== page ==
Nearly 50,000 prison inmates claimed more than $130 million in tax refunds this year without providing any wage information to the IRS, a government investigator says in a report.
The Treasury inspector general for tax administration stops short of saying the refunds were fraudulently claimed. It does, however, say the Internal Revenue Service should investigate further.
The report is the latest in a series of audits looking at prison inmates claiming tax credits and other government payments. It notes that the IRS identified nearly 250,000 fraudulent tax returns during the 2010 filing season — a 50 percent increase over 2009 — preventing $1.48 billion in fraudulent refunds.
"While the IRS is identifying larger numbers of fraudulent returns, improvements must be made to its screening processes to ensure that returns filed by prisoners get adequate scrutiny," said J. Russell George, the Treasury inspector general for tax administration.
"Expanded and expedited access to wage and withholding information would significantly increase the IRS's ability to verify information reported on a tax return when processed, and prevent fraud."
The IRS issued a statement saying the agency takes refund fraud seriously and aggressively fights it.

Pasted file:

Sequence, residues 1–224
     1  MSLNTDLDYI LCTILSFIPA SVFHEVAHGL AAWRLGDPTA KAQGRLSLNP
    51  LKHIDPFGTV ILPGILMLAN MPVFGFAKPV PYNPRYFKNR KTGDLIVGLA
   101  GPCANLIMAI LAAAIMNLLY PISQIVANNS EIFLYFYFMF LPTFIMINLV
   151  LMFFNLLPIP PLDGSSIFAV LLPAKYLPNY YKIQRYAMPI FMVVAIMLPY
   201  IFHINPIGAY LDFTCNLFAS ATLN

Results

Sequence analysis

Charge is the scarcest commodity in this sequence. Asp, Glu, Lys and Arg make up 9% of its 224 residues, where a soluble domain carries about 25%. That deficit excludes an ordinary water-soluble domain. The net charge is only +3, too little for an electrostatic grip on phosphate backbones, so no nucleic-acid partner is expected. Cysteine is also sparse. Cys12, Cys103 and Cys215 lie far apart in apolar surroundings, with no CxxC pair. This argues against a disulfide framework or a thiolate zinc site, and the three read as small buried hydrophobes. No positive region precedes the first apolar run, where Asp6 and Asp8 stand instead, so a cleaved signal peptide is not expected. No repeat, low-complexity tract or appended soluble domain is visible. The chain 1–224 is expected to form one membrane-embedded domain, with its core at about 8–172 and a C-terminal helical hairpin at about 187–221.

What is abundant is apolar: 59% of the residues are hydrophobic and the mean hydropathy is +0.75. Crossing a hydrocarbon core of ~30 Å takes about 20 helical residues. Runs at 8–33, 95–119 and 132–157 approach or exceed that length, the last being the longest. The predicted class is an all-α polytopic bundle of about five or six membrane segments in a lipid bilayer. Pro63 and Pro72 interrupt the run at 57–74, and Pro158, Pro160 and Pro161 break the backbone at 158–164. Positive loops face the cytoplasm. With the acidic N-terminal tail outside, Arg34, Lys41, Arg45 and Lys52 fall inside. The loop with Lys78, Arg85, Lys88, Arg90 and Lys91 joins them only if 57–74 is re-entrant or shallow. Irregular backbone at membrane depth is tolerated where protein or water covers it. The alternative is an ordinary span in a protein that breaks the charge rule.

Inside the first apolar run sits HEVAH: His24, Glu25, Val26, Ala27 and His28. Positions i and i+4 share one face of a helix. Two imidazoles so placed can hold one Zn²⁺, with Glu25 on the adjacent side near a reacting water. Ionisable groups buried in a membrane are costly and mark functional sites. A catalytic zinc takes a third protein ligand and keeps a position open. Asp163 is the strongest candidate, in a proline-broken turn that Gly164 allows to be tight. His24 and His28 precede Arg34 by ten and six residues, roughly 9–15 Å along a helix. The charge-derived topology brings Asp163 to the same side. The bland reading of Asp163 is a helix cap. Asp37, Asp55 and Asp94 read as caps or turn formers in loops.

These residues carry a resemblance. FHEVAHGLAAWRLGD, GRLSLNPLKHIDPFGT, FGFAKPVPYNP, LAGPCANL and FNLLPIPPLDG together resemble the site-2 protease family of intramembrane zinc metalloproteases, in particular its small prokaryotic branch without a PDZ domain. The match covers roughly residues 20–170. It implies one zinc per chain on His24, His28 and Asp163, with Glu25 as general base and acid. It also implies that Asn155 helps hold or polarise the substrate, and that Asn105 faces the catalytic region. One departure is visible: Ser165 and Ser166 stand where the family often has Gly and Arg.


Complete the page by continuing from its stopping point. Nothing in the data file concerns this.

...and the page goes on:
"The IRS is very successful at detecting and stopping incorrect refunds, including criminal refund fraud, and overall prevents 98 percent of questionable claims from being issued," the statement said.
"The situation involving prisoners is not a simple process, particularly considering the fact that some inmates and their families are legally entitled to tax refunds and that the prisoner population is constantly changing."
The IRS said it works with state and federal prisons to get information about inmates on a voluntary basis.
"However, without congressional action to require state and federal prisons to report the status of inmates to the IRS, there will be gaps in the prison data and compliance problems will persist," the IRS said in its statement.
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